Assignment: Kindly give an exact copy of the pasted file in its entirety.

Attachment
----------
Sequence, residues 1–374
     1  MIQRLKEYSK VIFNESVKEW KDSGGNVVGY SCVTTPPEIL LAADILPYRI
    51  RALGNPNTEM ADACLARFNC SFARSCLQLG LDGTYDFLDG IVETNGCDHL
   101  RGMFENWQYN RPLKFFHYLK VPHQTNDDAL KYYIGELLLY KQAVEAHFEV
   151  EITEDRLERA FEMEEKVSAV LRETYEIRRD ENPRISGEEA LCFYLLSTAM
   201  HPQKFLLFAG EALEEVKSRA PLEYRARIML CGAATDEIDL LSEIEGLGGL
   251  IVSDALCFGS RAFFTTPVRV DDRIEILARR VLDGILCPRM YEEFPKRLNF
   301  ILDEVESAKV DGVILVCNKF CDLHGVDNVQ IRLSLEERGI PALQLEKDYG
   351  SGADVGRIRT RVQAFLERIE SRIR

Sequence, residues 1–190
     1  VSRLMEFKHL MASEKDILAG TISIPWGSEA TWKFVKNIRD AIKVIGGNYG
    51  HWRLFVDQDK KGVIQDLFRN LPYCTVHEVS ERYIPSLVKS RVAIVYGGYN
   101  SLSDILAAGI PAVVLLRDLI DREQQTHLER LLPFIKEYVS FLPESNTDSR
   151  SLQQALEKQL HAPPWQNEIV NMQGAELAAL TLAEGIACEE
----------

Sequence, residues 1–374
     1  MIQRLKEYSK VIFNESVKEW KDSGGNVVGY SCVTTPPEIL LAADILPYRI
    51  RALGNPNTEM ADACLARFNC SFARSCLQLG LDGTYDFLDG IVETNGCDHL
   101  RGMFENWQYN RPLKFFHYLK VPHQTNDDAL KYYIGELLLY KQAVEAHFEV
   151  EITEDRLERA FEMEEKVSAV LRETYEIRRD ENPRISGEEA LCFYLLSTAM
   201  HPQKFLLFAG EALEEVKSRA PLEYRARIML CGAATDEIDL LSEIEGLGGL
   251  IVSDALCFGS RAFFTTPVRV DDRIEILARR VLDGILCPRM YEEFPKRLNF
   301  ILDEVESAKV DGVILVCNKF CDLHGVDNVQ IRLSLEERGI PALQLEKDYG
   351  SGADVGRIRT RVQAFLERIE SRIR

Sequence, residues 1–190
     1  VSRLMEFKHL MASEKDILAG TISIPWGSEA TWKFVKNIRD AIKVIGGNYG
    51  HWRLFVDQDK KGVIQDLFRN LPYCTVHEVS ERYIPSLVKS RVAIVYGGYN
   101  SLSDILAAGI PAVVLLRDLI DREQQTHLER LLPFIKEYVS FLPESNTDSR
   151  SLQQALEKQL HAPPWQNEIV NMQGAELAAL TLAEGIACEE